I'm teaching a a high-school classes on front-end JavaSript development. What is overwhelming in specifically JavaScript is the large number of seemingly disparate ways of doing the same thing. Like functions. I've identified three ways of declaring functions:

  1. Classic: function <name> ( <param> ) { <body }
  2. (fat) Arrow: const <name> = ( <param-list> ) => { <body }
  3. Class member: class <class-name> { <name> ( <param-list> ) { <body> }

As I tend to use and push the module and encapsulation traits in JavaScript I also want to go with the latter but omitting the keyword function makes it less transferable to learn other languages. Number 2. has it benefits (immutable and used for anonymous or lambda) and pitfalls (no hoisting) and 1. has the clear advantage of looking more like other imperative and oop languages and makes it clear that it is a function by saying so.

What should I be starting with?


1 Answer 1


The differences you mention are pretty negligible, so whichever style students want to use should be fine. It's unfortunate that there are multiple styles, but it's normal for mainstream languages, and most of the critical differences (mostly binding this) won't matter to students at first.

Here are responses to your specific concerns:


I don't think hoisting (or lack thereof) is a big issue. Generally speaking, it's sensible to expect things to be defined before they're used, so if anything, this is a point in favor of const over function. Hoisting is only a pitfall if you're used to it, and then it's not there all of a sudden.

If students are arriving with some exposure to an OO language like Java or C#, they may be used to "hoisting", but functions are always methods in classes and order doesn't matter. That's its own thing and the behavior is no different in JS classes.

omitting the keyword function makes it less transferable to teaching learning other languages

Actually, most languages don't use the word function in their definitions of functions: Java, C#, C++ and C are a stylistic family that use something like int foo() {} to declare a function. Ruby and Python use def (as in Def Jam). Perl uses sub. Rust uses fn, Kotlin uses fun and Swift and Go use func, close but not quite. Bash has an optional function keyword (but it's optional, and Bash!). Only R, Lua and PHP come to mind as explicitly using function. PHP's arrow equivalent uses fn because it's really annoying to write function in every array_map call, like JS.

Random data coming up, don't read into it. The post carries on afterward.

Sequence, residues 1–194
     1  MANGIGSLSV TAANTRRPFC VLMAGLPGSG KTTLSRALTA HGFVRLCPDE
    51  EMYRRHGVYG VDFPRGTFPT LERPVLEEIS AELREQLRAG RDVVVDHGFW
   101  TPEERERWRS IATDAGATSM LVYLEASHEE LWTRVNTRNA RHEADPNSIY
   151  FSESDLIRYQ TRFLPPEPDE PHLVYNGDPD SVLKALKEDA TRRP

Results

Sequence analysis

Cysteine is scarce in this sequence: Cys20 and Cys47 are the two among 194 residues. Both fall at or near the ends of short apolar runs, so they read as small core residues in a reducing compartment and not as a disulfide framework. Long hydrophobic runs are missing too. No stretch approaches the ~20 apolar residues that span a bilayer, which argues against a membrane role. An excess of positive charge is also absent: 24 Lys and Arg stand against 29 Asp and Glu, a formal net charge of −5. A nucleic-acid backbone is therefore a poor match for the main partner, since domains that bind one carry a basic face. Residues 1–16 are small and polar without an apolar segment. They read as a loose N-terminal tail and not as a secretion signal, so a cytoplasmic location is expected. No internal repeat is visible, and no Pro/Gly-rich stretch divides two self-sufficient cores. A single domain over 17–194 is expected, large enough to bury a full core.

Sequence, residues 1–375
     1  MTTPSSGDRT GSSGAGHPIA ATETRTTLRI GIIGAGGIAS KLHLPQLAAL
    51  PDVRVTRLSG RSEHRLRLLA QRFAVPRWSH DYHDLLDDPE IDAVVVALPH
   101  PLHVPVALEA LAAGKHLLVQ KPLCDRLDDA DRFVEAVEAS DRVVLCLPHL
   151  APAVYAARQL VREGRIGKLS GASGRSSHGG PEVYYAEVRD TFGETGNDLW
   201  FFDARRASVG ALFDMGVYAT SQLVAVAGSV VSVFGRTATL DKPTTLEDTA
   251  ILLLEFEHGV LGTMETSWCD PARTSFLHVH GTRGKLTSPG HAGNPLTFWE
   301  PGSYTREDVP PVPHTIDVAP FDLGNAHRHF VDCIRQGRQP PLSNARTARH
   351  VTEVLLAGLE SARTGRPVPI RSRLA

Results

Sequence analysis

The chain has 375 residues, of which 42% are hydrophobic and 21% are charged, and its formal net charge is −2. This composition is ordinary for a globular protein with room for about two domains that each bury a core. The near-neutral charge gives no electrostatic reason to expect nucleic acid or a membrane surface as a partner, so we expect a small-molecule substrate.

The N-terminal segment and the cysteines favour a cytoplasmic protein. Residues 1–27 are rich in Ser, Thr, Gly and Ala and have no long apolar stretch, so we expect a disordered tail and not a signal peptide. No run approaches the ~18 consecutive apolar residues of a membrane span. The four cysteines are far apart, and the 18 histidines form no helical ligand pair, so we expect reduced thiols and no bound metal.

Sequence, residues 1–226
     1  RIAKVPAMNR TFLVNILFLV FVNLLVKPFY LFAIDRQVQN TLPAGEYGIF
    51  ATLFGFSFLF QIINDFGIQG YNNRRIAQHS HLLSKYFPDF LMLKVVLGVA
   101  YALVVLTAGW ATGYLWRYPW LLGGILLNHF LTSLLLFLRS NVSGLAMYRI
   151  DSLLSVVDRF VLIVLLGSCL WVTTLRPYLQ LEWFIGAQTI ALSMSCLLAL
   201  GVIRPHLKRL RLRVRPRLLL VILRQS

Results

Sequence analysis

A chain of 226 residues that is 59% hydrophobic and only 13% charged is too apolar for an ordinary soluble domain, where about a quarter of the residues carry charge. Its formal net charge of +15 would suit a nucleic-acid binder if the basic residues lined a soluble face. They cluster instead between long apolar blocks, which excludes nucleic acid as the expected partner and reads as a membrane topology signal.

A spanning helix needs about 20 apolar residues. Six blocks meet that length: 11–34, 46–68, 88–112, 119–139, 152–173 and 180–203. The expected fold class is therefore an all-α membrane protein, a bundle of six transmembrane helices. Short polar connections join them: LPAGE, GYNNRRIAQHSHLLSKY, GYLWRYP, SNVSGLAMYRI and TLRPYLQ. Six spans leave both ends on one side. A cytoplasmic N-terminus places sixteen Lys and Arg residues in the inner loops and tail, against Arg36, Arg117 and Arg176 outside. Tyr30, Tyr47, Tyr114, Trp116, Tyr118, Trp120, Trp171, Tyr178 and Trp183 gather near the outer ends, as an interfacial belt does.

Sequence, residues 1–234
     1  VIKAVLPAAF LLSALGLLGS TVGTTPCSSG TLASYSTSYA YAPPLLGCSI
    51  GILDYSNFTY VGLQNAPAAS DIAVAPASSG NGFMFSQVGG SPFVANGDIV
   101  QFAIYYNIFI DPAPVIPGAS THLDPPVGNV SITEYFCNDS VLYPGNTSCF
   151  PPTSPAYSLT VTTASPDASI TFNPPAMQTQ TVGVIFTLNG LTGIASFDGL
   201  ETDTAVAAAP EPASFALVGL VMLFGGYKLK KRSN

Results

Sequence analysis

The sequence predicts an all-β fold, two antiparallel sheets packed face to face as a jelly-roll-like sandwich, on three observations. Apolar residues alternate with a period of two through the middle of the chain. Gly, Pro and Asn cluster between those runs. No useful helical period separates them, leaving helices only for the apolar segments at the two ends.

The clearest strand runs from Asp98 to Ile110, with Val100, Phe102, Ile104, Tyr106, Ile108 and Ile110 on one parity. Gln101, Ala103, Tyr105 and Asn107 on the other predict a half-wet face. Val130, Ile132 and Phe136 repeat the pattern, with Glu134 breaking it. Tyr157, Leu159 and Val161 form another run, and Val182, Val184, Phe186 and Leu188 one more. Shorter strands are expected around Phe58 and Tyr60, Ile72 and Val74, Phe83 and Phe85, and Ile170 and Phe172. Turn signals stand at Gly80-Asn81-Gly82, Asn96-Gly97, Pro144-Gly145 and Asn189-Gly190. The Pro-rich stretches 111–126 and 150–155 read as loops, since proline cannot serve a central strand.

[function] has the clear advantage of looking more like other imperative and oop languages

I'll grant that the lack of => and required braces makes a function definition feel less "functional" and closer to imperative Java/C++/C#-family languages. JS isn't special in having anonymous/lambda/arrow-style functions, only somewhat special in that they're typically used for top-level assignments.

As I tend to use the module and encapsulation traits in JavaScript...

Using modules to group functions doesn't imply classes, necessarily. By the time classes are introduced to students (usually too early in most curricula, in my opinion, given that I don't use them all that often in day to day JS coding--closures and modules without classes are usually plenty of encapsulation), students will be able to navigate the unfortunate fact that the syntax differs between standalone functions and class methods.